Tuesday, November 11, 2014

Old School Midterm Election


This is how democracy used to work in small-town America – tamper-proof paper ballots marked in the privacy of a voting booth.

There are photos I shot on Nov. 1, 1966 during the mid-term election at Tipton, Ind.

I was in my first newspaper job, working as a reporter for the Tipton Tribune, a six-day-a-week daily serving Tipton County, north of Indianapolis.


There was never a discussion about photo IDs because that technology was years in the future. Besides, in a place like Tipton, everyone was a registered voter and everyone knew everyone else.


When you finished marking your ballot, you folded it and handed it to the man who put it into the ballot box that was probably used for voting since Woodrow Wilson or before.


After the polls closed, the county clerk and his deputies, along with party officials and the press, sat around in the clerk’s office waiting for the poll workers to count the votes and bring it the ballots and their tallies. That’s Hamilton Rigg, my editor, with his back to the camera.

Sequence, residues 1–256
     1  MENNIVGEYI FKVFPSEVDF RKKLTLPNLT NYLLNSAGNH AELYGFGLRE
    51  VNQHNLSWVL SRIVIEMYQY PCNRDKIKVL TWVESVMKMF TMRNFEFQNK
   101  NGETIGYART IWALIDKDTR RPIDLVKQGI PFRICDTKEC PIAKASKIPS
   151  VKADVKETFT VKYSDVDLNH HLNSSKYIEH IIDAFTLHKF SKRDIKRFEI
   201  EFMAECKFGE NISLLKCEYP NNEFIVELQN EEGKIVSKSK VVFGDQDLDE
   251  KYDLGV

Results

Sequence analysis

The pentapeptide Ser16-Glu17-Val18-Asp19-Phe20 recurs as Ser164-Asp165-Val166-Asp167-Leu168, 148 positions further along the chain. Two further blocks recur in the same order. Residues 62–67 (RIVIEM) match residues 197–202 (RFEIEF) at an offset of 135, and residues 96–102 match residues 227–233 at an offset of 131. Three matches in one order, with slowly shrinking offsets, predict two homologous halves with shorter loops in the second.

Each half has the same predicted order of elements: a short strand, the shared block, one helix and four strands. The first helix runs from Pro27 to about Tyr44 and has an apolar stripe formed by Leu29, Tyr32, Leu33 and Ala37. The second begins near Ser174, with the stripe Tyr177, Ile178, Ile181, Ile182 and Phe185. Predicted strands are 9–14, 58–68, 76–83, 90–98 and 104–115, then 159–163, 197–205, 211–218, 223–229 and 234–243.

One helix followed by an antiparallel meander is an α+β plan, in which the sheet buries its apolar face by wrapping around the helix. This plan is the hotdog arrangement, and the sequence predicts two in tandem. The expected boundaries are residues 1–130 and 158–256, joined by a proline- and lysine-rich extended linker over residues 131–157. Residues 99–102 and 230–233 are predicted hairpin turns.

Here’s “Ham” Rigg totaling up the votes on an old mechanical adding machine in the Tipton County Clerk’s office. I think it was on the second floor of the County Courthouse, but my memory may be faulty.


A sack of ballots from one of the precincts arrives at the clerk’s office. I love this shot.


One of the clerk’s deputies on the right (I can’t recall her name) goes over the vote tallies with one of the precinct workers.

Counting paper ballots is a time-consuming process and it was late in the evening before the first precincts came in. The final totals weren’t known until well after midnight.

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